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Please consider the following:

zeros={0.,0};   
data={1, 0., 0}; 
DeleteCases[data, #]&/@zeros
Head/@zeros
(*{Real, Integer}*)
(*{{1, 0}, {1, 0.}}*)

For my understanding all integers (e.g. 0, 2) are element of the real numbers (e.g. 0.00000, 2.00000). So why would Mathematica not delete all zeros form data.

I know from here that one can solve the DeleteCases-problem via DeleteCases[Rationalize@data,0] but this is not the point here.

EDIT

The following test may explain my problem slightly better:

sets={Integers,Reals,Complexes};
test=Table[Element[j, i], {i, sets}, {j, zeros}];
(*{{False, True}, {True, True}, {True, True}}*)

test returns as expected that 0 is element of Integers, Reals and Complexes for which reason I would expect for DeleteCases[data, #]&/@zeros the following result:

{{1}, {1, 0.}}

For the latter 0. can not be deleted from data because I called delete all 0-Integers whereas in the first case all zeros can be deleted as I called delete all 0-Reals.

Note: Instead of 0 and 0. we could use also 2 and 2.. The value does not matter.

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Are you trying to do DeleteCases[data, 0 | 0.]? As far as I can tell your example works as expected. With /@ you are only deleting one type of zero at a time. –  Mr.Wizard Oct 22 '12 at 18:28
1  
I shall reopen this question, but I encourage you to expand and clarify it because as it presently reads it looks like a duplicate. –  Mr.Wizard Oct 22 '12 at 20:20
1  
Incidentally, try: Table[Element[j, i], {i, sets}, {j, zeros}] –  Mr.Wizard Oct 22 '12 at 20:22
1  
I agree with Mr.Wizard that this is a duplicate. Please explain why exactly it is not and how the other answers do not answer your question. As for 0==0., you should read up the documentation for Equal and SameQ... it's fully covered between the two. –  rm -rf Oct 22 '12 at 20:41
2  
Element is a mathematical operation, which is why it (correctly) says that 0 is an element of Integers/Reals/Complexes. However, 0. is a floating point representation of zero and is not an exact integer, hence False. It certainly is an element of Reals, and by extension, an element of Complexes which is a superset of Reals, which is why it returns True. DeleteCases uses pattern matching and relies on the heads (or the FullForm) and does not do a mathematical comparison. This is something you need to get comfortable with in order to use Mathematica effectively. –  rm -rf Oct 22 '12 at 21:41
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2 Answers 2

up vote 4 down vote accepted

Element (of) is a mathematical operation, which is why it (correctly) says that 0 is an element of Integers, Reals and Complexes. However, $0.$ is a floating point representation of zero and is not an exact integer, hence it returns False for Element[0., Integer]. On the other hand, 0. certainly is an element of Reals, and by extension, an element of Complexes which is a superset of Reals, which is why it returns True for both these cases.

DeleteCases uses pattern matching and relies on the heads (or the FullForm) and does not do a mathematical comparison, which is why DeleteCases[list, 0] will not remove instances of 0. in list. The solution in this case is to either use 0 | 0. as the pattern, or use PossibleZeroQ to test the elements of list:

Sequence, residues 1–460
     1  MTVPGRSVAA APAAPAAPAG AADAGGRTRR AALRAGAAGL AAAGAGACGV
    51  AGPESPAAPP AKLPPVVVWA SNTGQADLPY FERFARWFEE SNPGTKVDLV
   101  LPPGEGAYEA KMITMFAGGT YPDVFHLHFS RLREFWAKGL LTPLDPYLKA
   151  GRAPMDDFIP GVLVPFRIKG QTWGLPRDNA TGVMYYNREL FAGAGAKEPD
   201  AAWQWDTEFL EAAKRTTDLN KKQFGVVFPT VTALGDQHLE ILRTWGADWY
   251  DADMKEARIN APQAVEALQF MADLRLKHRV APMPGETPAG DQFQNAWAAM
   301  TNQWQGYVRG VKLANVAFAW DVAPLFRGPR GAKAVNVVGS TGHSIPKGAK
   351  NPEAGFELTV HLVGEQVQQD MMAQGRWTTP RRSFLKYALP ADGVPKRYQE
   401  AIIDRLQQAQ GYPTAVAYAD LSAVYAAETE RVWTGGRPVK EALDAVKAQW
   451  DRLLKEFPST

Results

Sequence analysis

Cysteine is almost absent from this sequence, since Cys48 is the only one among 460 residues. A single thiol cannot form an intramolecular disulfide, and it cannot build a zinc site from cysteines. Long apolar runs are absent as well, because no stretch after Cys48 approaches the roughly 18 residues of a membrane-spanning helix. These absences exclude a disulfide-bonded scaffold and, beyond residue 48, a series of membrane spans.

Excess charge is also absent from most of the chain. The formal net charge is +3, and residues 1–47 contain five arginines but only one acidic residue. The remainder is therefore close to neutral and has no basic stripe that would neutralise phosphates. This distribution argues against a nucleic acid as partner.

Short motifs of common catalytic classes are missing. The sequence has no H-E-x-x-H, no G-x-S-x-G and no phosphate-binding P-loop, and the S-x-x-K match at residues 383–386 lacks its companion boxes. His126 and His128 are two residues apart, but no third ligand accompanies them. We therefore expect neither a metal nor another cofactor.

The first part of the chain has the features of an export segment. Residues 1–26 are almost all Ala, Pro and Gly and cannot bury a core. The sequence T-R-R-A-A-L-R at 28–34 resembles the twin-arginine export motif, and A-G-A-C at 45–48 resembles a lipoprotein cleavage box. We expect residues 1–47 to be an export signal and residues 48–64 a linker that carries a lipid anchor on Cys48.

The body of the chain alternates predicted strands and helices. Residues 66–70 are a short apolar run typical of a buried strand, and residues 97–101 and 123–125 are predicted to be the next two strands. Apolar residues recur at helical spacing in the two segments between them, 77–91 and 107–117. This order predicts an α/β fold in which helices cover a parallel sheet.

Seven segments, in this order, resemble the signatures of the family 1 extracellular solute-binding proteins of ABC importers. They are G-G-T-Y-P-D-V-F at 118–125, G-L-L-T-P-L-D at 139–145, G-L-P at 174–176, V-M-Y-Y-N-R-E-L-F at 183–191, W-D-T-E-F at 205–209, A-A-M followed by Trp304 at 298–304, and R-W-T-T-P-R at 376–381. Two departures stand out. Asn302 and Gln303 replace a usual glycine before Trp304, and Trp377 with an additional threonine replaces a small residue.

DeleteCases[data, _?PossibleZeroQ]
(* {1} *)

The difference between mathematical operations and the pattern matching logic is something you need to get comfortable with in order to use Mathematica effectively. Another example of a common mistake is to use pattern matching to perform algebraic manipulations.

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...or, one might consider preprocessing the data: DeleteCases[Chop[list], 0] –  J. M. Oct 22 '12 at 22:57
    
@J.M. well, $10^{-11}$ is still not $0$, and going the extra length of using the second argument seems long winded :) –  rm -rf Oct 23 '12 at 0:14
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DeleteCases uses the pattern matcher which matches against the FullForm of expressions. Just use Alternative:

In[]:= DeleteCases[{1, 0., 0}, 0. | 0]
Out[]= {1}

or a conditional pattern

In[]:= DeleteCases[{1, 0., 0}, _?(# == 0 &)]
Out[]= {1}

or

In[]:= DeleteCases[{1, 0., 0}, x_ /; x==0]
Out[]= {1}

This happens a lot with infinity be careful of the heads: Infinity // FullForm is DirectedInfinity[1]

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1  
A bit more on the Infinity part: using Infinity in replacement rules or patterns works just as expected, because both expand out to DirectedInfinity (for example: DirectedInfinity[1] /. Infinity -> 1 and Infinity /. Infinity -> 1). The confusion, however, often occurs when one expects division by zero to occur, but then wants to disregard it and replace it with something arbitrary. In that case, it is not DirectedInfinity that's used, but ComplexInfinity and doing foo /. Infinity -> bar will not work –  rm -rf Oct 22 '12 at 20:39
    
@rm: to catch all forms of *Infinity, one should then match against the pattern _DirectedInfinity, since ComplexInfinity is the same as DirectedInfinity[]. –  J. M. Oct 23 '12 at 0:23
    
@J.M. Yes, that is correct. –  rm -rf Oct 23 '12 at 0:36
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